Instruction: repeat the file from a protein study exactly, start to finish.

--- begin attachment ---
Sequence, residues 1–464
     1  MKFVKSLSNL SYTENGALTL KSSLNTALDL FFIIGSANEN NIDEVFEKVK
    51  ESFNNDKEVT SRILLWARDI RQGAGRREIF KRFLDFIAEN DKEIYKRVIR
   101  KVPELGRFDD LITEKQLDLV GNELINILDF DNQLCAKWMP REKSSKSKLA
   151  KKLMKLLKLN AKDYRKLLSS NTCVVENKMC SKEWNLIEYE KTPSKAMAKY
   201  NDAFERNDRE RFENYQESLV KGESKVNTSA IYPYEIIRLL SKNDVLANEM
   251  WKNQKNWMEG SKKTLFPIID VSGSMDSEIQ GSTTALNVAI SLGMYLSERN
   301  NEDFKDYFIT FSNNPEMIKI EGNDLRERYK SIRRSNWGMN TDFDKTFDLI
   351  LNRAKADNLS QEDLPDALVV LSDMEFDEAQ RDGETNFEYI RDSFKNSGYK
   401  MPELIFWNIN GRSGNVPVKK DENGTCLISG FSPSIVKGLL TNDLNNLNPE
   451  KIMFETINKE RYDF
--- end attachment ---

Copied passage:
Sequence, residues 1–464
     1  MKFVKSLSNL SYTENGALTL KSSLNTALDL FFIIGSANEN NIDEVFEKVK
    51  ESFNNDKEVT SRILLWARDI RQGAGRREIF KRFLDFIAEN DKEIYKRVIR
   101  KVPELGRFDD LITEKQLDLV GNELINILDF DNQLCAKWMP REKSSKSKLA
   151  KKLMKLLKLN AKDYRKLLSS NTCVVENKMC SKEWNLIEYE KTPSKAMAKY
   201  NDAFERNDRE RFENYQESLV KGESKVNTSA IYPYEIIRLL SKNDVLANEM
   251  WKNQKNWMEG SKKTLFPIID VSGSMDSEIQ GSTTALNVAI SLGMYLSERN
   301  NEDFKDYFIT FSNNPEMIKI EGNDLRERYK SIRRSNWGMN TDFDKTFDLI
   351  LNRAKADNLS QEDLPDALVV LSDMEFDEAQ RDGETNFEYI RDSFKNSGYK
   401  MPELIFWNIN GRSGNVPVKK DENGTCLISG FSPSIVKGLL TNDLNNLNPE
   451  KIMFETINKE RYDF